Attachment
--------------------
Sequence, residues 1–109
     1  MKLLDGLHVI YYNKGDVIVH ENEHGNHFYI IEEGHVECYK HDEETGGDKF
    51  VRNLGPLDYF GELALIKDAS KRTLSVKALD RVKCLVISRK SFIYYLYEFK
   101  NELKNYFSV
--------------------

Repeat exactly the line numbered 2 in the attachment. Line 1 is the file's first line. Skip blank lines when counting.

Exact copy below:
     1  MKLLDGLHVI YYNKGDVIVH ENEHGNHFYI IEEGHVECYK HDEETGGDKF